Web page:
The kitchen at Rocky Ridge Farm
"I would rather have made the pie than to have written a poem,"
said Rose Wilder Lane, pausing midway through the
triangular piece on her plate.
It was just a plain, farm apple pie, the kind we all
make in Missouri. But listen!
"Oh, these Missouri pies!"
exclaimed the other New York writer.*
"Never before have I seen such wonderful pies."
Writer Rose Wilder Lane
Daughter of Almanzo and Laura Wilder
"I'll tell you the tale as 'twas told to me,
and you shall decide."
So it seems that the center of pie fame
as well as the center of population has traveled
westward, for pie, you know, was a New England dish
not known anywhere else in the world.
To this day it is made only in America.
And speaking of pies and poems,
the first pie as we know pie,
invented by a New England woman,
was a poem of love and service,
full of imagination,
spicy with invention.
Oh, of course what it was
really filled with was something
very common and homely;
but I'll tell you
the tale as 'twas told to me',
and you shall decide
if my description of that first pie
as a poem does not hold good.
In one of the New England states
away back in Colonial times,
a pioneer woman one Saturday
was cooking the Sunday dinner.
She wanted a sweet meat for the ending
but had nothing of which
to make anything of the kind
she ever had seen.
But she did want to please and satisfy
the good man and the children,
so using her imagination and Yankee invention,
she made a dough with bear's grease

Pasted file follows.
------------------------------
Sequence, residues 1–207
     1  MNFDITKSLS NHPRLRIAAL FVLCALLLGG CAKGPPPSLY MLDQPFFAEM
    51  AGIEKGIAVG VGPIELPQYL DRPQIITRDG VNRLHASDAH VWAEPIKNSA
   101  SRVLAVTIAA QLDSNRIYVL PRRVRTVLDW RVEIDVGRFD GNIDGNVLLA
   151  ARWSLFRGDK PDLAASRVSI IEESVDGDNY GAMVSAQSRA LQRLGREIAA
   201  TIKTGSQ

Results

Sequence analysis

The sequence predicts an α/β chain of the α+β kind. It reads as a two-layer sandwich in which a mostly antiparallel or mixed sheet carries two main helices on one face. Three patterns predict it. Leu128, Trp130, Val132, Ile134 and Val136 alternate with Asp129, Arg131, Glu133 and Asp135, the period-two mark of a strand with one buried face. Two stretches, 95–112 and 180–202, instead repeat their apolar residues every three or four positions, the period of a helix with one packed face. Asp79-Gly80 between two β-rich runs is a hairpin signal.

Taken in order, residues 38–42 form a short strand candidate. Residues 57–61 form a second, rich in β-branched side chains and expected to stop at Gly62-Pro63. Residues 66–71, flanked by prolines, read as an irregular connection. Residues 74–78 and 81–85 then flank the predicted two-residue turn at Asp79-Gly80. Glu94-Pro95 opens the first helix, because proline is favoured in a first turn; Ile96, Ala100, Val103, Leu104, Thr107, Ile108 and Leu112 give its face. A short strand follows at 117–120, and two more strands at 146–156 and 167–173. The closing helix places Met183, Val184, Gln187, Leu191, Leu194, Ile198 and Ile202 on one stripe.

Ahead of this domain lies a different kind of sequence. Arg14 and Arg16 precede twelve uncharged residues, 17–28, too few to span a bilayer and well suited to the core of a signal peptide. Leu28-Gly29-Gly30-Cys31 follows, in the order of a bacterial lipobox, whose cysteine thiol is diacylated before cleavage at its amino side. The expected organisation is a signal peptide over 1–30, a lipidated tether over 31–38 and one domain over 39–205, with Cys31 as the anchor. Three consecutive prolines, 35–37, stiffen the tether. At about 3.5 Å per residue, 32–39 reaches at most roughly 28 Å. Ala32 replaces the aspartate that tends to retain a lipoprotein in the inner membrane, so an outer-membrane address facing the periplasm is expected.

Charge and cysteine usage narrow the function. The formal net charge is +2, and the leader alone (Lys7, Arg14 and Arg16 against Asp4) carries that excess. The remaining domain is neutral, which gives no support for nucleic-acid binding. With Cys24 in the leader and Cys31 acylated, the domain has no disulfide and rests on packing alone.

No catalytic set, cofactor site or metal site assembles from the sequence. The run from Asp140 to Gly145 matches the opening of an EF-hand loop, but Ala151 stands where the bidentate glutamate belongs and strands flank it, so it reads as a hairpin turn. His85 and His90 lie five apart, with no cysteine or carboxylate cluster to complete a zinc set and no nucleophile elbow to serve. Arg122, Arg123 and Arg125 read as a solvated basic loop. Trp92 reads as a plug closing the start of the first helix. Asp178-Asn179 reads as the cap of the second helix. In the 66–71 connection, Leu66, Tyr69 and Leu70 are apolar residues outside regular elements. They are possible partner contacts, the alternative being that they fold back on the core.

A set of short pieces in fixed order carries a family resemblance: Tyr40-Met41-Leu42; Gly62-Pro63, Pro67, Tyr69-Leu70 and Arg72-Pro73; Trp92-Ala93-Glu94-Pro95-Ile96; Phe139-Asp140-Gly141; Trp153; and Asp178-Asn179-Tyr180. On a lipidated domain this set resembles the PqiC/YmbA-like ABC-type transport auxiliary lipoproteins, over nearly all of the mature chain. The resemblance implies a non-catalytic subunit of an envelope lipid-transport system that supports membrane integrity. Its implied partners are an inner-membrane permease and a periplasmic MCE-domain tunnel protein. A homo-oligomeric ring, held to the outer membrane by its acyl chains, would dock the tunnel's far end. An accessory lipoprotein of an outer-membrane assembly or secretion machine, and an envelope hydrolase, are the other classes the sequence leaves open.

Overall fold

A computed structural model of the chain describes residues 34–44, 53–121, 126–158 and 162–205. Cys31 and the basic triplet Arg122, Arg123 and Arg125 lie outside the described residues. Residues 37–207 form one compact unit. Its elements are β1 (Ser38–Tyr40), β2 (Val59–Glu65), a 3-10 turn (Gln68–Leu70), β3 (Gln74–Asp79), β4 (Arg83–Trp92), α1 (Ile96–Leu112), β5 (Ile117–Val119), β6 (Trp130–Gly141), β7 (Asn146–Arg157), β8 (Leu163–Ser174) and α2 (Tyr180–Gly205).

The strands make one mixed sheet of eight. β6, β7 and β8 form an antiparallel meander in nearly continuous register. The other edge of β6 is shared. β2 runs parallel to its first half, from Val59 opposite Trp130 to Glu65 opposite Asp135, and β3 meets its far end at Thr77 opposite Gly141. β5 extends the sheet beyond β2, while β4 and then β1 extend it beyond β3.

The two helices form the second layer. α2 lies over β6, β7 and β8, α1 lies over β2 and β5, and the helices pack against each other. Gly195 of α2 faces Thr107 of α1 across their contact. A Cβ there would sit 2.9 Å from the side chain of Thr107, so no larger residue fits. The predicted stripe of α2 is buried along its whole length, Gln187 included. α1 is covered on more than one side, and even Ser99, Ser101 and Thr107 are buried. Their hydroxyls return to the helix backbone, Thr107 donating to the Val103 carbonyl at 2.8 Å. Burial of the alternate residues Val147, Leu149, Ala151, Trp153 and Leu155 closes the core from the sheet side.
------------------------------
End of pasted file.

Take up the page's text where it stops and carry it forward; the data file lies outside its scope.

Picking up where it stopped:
for shortening, spread it in a pan,
and filled it with a mixture
of vinegar and water thickened with flour,
sweetened with maple syrup
and flavored with a bit of spice bush.
She baked it and behold,
the first American pie!
In fact, it was the first pie,
spicy and sweet,
of custard-like consistency
and crispy crust,
a poem in cookery.
Its originator was truly an artist,
as though she had written a poem
or painted a picture,
for she had used her creative instinct and
imagination with a fine technique.
Thinking of pies and poems,
I am more content with pie making
for surely it is better to make
a good pie than a poor poem.
-Laura Ingalls Wilder
The Original American Pie?
The first time I ever heard of "Vinegar Pie" was a recipe
I discovered while reading, "The Cowboys"
a volume in a series of books on
the Old West published by Time Life in the 1970's.
. As I recall, I think I had to cook the filling of the pie
before I baked it, and I used vanilla extract
instead of nutmeg for the flavoring.
Nevertheless, my pie turned out to be a
sweet, delicate creation akin to an
old-fashioned custard pie.
My beloved maternal grandfather, Lou Yard,
who shared my love of trying unusual foods
just loved this pie!
The recipe for Vinegar Pie below
is taken from the book,
"The Little House Cook Book"
By Barbara M. Walker
1 9-inch pie crust
1/4 cup melted butter
2 eggs, beaten
1/2 cup granulated sugar
1/2 cup brown sugar
1/4 cup unbleached, all purpose flour
a pinch of nutmeg
3 tablespoons homemade vinegar
(you can substitute apple cider vinegar from the store)
Preheat oven to 400.
In a large bowl blend both sugars, flour, and nutmeg with
fingers until no lumps remain.
Stir in vinegar, eggs, butter, and 1 cup
of water until well mixed. Pour into pie shell and bake at
400 for 30 minutes. Remove and cool until the filling
is firm enough for cutting.
"Pies and Poetry March 1924"
From the book, "Little House In The Ozarks:
A Laura Ingalls Wilder Sampler The Rediscovered Writings"
By Laura Ingalls Wilder
Edited By Stephen W. Hines
* Such famous writers as Sinclair Lewis and Dorothy Thompson visited Laura's home in the Ozarks
on the invitation of her daughter, Rose Wilder Lane.